Not all communication is spoken. It’s interesting tonight to note that the Senator doesn’t wear the traditional flag lapel pin or the “power-red” tie so indicative of the Republican Party. He hasn’t stood behind the podium at all, but walked with ease from one side of the stage to the other. Occasionally, he’ll lean against the side of the podium while speaking in a manner which makes him appear very comfortable being here with us. And he has the ability to make us laugh. Those things count for something.

Mandy Manoski

Mary Catherine said...

The Bully Pulpit Event this past Wednesday was very informative, and I felt very privileged to be a part of the event. Kudos to the Department of Communication for sponsoring the event and doing tireless work to make it even possible for CofC students and faculty as well as the community to attend!

I agree with John's assessment that McCain did seem very at ease speaking.. and he had just the right amount of humor to keep at least this audience member entertained. Oftentimes political celebrities seem much larger than life, and it was incredible to see McCain as just another human being (despite the big bus and security detail!)

I thought that McCain handled the questions with relative ease. In an event like this despite the fact that it was supposed to be more about presidential communication, the majority of the questions revolved around political policy and such. Even so, McCain took those questions into stride and gave rather straightforward answers. I was very impressed with the answers to the few communication questions asked. The questions and answers were insightful and I appreciated McCain's candid comments throughout the presentation.

To this end, I can't wait for the next Bully Pulpit event. Both fun and informative, the events are great opportunities for students (and the public) to become more involved with Decision '08; and again, I applaud Dr. McGee, the Department of Communication and the Communication Advisory Council for their efforts in bringing the Bully Pulpit to the College of Charleston.

Mary Catherine Kennedy
Senior Communication Major
College of Charleston

John Jordan said...

It is Friday afternoon and Dr. Brian McGee has just joined us from the College of Charleston to participate in Augustana College’s Bully Pulpit event.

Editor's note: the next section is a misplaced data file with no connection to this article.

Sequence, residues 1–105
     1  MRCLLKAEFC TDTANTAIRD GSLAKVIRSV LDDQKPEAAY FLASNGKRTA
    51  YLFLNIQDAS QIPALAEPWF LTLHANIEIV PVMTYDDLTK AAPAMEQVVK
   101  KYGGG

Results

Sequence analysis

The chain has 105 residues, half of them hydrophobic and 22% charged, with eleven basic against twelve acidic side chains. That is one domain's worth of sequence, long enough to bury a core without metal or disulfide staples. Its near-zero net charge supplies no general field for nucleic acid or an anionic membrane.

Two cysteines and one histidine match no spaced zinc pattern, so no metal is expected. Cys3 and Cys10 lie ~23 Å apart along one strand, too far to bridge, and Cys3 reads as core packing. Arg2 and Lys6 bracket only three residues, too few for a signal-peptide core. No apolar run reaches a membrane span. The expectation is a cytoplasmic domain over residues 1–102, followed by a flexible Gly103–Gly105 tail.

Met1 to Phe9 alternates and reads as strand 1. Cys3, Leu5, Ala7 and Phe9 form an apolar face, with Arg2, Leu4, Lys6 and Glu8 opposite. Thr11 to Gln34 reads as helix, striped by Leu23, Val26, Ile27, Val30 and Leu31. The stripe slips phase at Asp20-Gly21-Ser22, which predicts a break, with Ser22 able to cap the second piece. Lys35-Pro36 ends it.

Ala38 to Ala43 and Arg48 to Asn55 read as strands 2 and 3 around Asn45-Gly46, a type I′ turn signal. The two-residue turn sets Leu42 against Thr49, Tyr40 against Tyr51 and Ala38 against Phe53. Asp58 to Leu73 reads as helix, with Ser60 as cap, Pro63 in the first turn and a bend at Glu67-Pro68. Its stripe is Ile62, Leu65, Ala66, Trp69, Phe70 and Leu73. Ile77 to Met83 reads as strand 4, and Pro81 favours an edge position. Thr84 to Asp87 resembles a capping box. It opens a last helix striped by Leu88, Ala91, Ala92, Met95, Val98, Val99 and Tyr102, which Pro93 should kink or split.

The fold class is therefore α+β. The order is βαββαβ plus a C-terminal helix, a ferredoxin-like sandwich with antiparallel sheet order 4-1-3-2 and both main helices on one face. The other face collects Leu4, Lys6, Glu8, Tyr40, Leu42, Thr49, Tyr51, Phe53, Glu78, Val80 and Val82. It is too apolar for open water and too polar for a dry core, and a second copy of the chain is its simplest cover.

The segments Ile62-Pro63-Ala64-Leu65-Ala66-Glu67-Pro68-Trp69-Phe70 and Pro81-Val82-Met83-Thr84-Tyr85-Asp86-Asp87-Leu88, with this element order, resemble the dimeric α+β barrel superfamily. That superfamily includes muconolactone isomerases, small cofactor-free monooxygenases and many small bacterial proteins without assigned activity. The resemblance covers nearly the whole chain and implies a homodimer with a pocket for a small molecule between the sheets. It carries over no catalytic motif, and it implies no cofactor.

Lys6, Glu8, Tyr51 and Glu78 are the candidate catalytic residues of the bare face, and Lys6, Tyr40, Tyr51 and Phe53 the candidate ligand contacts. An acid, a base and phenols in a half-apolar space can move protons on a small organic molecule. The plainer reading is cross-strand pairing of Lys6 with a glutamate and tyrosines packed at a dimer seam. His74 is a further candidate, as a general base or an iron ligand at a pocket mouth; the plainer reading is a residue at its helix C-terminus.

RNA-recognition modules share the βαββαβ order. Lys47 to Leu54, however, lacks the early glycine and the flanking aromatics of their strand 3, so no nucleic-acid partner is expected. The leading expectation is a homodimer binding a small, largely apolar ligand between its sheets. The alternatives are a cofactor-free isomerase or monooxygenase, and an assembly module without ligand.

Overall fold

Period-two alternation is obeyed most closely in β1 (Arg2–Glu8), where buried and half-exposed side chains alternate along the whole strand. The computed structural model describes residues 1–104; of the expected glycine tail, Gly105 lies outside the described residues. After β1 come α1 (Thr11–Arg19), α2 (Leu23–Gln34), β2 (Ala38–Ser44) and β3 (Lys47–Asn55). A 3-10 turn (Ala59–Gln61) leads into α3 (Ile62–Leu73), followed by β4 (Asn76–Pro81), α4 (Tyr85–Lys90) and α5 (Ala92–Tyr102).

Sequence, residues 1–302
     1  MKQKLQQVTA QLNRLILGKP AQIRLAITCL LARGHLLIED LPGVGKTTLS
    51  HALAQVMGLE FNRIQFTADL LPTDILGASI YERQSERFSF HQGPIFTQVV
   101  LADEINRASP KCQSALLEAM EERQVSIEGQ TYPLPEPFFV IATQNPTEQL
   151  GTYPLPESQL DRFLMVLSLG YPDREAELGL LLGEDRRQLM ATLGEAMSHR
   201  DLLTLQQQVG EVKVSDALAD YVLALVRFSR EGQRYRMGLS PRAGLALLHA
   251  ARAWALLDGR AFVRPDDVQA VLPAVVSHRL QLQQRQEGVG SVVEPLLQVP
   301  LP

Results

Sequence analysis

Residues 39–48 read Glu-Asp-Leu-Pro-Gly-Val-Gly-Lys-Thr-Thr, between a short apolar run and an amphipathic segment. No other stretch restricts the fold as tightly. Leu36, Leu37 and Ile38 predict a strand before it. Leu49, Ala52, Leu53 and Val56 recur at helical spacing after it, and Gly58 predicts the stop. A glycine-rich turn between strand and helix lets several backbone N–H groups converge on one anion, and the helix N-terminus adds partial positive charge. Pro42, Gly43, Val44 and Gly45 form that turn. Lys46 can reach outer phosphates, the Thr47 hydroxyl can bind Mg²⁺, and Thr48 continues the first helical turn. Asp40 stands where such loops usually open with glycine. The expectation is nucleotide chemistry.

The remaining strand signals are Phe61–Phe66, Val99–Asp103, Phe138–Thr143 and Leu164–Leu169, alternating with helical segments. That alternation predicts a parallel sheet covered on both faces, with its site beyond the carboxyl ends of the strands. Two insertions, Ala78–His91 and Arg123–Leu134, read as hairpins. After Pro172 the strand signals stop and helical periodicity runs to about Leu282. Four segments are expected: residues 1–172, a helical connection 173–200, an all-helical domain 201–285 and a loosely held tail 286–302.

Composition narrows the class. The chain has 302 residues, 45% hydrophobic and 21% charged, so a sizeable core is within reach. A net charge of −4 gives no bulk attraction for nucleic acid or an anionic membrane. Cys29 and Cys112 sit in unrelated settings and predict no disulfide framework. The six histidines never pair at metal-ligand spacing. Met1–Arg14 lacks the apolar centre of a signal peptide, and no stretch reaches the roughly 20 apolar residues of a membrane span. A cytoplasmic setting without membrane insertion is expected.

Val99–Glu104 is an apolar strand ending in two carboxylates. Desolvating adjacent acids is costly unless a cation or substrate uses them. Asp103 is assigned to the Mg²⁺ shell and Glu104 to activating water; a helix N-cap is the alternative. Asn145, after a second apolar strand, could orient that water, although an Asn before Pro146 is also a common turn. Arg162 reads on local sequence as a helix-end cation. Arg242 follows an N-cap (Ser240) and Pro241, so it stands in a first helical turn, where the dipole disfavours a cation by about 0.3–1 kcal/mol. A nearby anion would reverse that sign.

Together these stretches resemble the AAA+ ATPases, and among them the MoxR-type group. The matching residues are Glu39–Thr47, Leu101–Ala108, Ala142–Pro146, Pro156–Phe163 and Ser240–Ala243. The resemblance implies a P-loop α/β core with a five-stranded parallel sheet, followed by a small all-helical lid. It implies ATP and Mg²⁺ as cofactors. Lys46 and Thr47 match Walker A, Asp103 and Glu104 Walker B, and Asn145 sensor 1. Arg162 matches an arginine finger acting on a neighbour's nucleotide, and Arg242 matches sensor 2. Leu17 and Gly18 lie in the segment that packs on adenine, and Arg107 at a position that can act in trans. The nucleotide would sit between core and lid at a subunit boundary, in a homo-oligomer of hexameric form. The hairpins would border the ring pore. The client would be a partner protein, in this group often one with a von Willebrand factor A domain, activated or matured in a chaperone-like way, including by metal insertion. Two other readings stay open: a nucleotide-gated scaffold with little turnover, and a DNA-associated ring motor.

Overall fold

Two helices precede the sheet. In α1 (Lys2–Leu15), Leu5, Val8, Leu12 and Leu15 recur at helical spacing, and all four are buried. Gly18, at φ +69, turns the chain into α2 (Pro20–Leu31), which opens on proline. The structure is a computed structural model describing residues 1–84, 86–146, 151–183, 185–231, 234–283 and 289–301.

As the afternoon gets started, I’m glad to see the evening start off with introductions. While we are all from similar backgrounds, our differences (education majors, history majors, political science, and speech communication) are going to make the afternoon’s conversation very interesting.

Dr. McGee explained a very important component to Bully Pulpit that I had not considered: conducting the program during the primaries. Gaining a better understanding of a candidate’s communication priorities and commitments prior to election time will help me personally as an influential voter.

Having our event two days after the College of Charleston adds an interesting dynamic to our event this afternoon. While I’ll admit my feelings of jealousy, I think being separate from the event allows for a more critical analysis.

The following comments will be reactions to the Senator McCain’s speech:

In a surprising rhetorical strategy, McCain uses is the word use of “we” when he talks about Congress’s out of control spending. Usually, in order to save their “ethos,” speakers distance themselves from the wrong actions of others by using the word “they” – even if they were involved in the action. For example, people will use “we” to associate themselves with “positives” like a winning sports team and “they” when that same team is losing. This is pretty admirable of McCain to admit and associate himself with this action, though it makes him a little vulnerable.

Senator McCain knows his audience. His use of humor on progressively more serious issues as the event progresses is well done (for the most part). Not only does this rhetorical move demonstrate his knowledge, but also by explicitly addressing the media where he wants to reach the young voters.

One of my personal interests was Senator McCain’s nonverbal communication. While I will not realistically be able to analyze his non-verbal behaviors in real time, I notice firm hand gestures and he is very mobile. To me, these “healthy” gestures are reassuring because of McCain’s age and experience. On the other hand, I notice him leaning on the podium, sweating, and burping throughout the event. While these gestures may seem negative, perhaps they construe a message of humanism. He seems very “real” when responding to questioning. Sometimes he may stammer or start a sentence over, which some may think were weaknesses, but I think if all his answers were rehearsed, I wouldn’t believe him.